Michael Martin, editor of the True Faith fanzine, said the association would push him "close to breaking point", while local MP and season-ticket holder Ian Lavery has vowed to boycott games.
But a statement from Newcastle said Wonga had pledged to invest heavily in the club's academy and community projects during the course of the four-year deal.
And managing director Derek Llambias said: "We are building a club that can regularly compete for top honours at the highest level.
"As everyone knows, a strong commercial programme is vital to this goal and I am delighted to welcome Wonga into the fold as our lead commercial partner.
"Throughout our discussions Wonga's desire to help us invest in our young playing talent, the local community and new fan initiatives really impressed us and stood them apart from other candidates."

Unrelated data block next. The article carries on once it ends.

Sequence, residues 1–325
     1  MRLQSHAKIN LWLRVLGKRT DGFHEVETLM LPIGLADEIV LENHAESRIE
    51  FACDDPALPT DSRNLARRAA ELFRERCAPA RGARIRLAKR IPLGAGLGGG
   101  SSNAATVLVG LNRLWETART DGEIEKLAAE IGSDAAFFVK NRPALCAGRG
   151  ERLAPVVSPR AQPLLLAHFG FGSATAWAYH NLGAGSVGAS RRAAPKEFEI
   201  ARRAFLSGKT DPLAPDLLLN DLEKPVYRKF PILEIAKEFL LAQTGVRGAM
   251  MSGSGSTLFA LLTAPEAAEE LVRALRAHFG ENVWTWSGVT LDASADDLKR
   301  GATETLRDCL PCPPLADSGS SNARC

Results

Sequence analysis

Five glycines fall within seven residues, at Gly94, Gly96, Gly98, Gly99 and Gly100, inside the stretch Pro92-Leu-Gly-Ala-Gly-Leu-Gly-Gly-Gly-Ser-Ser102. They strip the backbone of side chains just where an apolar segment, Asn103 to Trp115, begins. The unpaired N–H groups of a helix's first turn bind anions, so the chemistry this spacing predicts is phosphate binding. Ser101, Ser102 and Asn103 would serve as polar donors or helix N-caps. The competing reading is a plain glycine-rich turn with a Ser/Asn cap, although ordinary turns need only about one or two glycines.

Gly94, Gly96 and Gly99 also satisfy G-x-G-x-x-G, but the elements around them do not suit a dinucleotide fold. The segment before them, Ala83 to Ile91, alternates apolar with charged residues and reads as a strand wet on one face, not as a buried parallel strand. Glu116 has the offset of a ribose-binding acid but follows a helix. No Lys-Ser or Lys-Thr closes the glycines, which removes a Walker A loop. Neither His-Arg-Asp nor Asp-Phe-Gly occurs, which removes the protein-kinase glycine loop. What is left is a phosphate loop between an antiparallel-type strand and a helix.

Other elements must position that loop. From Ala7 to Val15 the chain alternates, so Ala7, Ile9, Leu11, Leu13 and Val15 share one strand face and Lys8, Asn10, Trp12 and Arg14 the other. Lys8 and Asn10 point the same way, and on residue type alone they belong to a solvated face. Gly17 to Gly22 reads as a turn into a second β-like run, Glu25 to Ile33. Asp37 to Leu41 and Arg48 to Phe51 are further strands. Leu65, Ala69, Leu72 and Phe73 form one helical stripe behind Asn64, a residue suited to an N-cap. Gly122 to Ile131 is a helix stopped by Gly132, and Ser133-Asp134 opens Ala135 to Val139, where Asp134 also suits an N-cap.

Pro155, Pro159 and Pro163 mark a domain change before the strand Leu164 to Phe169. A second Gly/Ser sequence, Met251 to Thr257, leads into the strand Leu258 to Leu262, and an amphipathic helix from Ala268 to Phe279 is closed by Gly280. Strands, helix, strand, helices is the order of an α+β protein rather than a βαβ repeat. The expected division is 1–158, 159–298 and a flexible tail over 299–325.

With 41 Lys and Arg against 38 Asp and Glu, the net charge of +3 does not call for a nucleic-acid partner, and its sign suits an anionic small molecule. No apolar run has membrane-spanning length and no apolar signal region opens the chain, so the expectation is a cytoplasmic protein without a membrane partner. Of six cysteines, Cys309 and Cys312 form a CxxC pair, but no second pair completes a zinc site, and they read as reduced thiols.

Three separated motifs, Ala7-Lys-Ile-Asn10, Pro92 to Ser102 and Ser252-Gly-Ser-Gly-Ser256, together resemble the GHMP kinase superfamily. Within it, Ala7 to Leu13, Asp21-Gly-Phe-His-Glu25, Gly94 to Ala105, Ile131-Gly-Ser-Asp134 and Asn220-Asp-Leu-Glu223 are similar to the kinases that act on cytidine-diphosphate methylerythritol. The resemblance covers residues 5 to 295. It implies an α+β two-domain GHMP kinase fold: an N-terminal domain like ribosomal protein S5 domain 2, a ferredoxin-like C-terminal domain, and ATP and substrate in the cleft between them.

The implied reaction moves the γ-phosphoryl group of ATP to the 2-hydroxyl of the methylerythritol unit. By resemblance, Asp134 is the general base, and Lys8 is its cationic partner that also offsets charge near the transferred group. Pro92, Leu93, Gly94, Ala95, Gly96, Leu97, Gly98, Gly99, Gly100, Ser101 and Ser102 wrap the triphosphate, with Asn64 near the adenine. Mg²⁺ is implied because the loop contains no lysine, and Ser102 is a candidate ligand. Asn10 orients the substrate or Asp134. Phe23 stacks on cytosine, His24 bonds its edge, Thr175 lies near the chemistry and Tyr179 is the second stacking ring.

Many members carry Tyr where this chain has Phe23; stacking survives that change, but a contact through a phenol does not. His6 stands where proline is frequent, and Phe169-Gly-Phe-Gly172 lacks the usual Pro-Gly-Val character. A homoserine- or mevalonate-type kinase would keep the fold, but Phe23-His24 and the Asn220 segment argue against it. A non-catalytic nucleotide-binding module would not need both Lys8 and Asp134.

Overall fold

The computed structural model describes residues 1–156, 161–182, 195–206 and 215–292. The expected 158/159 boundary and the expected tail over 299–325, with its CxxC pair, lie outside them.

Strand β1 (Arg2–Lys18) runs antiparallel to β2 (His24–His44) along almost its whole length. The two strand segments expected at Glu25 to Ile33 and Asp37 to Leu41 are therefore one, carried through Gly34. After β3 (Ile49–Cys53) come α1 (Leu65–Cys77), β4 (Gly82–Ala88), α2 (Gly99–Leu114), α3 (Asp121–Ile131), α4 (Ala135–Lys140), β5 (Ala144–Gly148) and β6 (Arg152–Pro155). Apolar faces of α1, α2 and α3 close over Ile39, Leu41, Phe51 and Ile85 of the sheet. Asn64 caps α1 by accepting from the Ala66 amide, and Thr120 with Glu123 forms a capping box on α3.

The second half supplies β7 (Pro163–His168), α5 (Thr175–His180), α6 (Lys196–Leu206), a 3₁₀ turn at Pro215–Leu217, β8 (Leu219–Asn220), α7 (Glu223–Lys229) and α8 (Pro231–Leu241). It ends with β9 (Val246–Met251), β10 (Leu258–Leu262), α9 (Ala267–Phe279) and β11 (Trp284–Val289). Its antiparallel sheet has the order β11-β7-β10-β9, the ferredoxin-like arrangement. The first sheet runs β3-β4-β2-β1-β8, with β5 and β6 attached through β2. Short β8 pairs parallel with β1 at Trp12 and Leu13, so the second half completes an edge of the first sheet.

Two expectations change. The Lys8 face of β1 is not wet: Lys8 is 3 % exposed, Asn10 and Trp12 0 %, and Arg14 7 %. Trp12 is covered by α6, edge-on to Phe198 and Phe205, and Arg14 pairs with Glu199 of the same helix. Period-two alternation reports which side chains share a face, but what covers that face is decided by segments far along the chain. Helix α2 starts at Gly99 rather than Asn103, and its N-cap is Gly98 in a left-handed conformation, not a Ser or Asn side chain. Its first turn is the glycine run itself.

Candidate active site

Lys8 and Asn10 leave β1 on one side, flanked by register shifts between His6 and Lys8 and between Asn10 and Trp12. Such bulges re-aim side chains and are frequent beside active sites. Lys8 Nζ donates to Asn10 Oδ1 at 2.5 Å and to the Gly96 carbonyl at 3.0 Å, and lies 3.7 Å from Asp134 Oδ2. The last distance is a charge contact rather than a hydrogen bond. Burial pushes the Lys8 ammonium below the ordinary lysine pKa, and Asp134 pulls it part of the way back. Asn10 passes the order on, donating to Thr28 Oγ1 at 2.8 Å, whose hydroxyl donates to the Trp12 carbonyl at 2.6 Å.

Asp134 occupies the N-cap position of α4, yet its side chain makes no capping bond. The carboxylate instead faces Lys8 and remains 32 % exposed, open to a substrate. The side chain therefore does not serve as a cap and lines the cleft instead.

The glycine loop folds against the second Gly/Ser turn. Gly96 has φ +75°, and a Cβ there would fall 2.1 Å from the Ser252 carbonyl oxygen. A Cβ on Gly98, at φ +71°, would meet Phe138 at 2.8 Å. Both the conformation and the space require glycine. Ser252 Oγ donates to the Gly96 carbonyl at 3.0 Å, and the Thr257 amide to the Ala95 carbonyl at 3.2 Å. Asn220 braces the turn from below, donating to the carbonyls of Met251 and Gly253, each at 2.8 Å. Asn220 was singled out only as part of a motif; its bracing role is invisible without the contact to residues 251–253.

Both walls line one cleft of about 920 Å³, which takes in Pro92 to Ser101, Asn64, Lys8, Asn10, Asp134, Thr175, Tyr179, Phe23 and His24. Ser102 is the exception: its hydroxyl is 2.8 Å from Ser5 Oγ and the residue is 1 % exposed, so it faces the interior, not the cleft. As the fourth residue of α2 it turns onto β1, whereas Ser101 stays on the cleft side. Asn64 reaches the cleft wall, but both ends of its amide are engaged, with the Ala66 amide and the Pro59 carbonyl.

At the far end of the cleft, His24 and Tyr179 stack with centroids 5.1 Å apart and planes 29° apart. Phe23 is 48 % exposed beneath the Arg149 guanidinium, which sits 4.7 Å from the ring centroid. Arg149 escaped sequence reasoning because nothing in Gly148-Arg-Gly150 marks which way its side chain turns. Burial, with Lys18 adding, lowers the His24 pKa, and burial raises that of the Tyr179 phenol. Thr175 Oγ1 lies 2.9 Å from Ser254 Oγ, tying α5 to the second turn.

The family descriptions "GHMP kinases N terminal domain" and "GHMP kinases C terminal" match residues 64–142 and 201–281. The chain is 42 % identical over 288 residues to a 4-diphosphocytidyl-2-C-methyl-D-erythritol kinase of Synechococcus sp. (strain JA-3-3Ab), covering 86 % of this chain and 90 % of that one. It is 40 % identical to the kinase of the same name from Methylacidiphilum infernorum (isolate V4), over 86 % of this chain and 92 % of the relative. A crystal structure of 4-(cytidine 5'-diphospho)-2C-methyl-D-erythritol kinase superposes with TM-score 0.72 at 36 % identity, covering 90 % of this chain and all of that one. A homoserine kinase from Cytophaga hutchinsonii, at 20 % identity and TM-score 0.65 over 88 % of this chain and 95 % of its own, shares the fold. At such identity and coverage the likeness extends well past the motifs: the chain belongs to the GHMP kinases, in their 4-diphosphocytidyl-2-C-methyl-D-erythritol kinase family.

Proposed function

And Newcastle boss Alan Pardew told Sky Sports News: "I'm a romantic, so the stadium change last year hurt me and hurt our team. It's one of those business decision that you can't get your head around at times as a football person.
"I made a point of saying that the same sign should go up, not a new one, the same sign, 'St James' Park', and I'm absolutely overjoyed with that."
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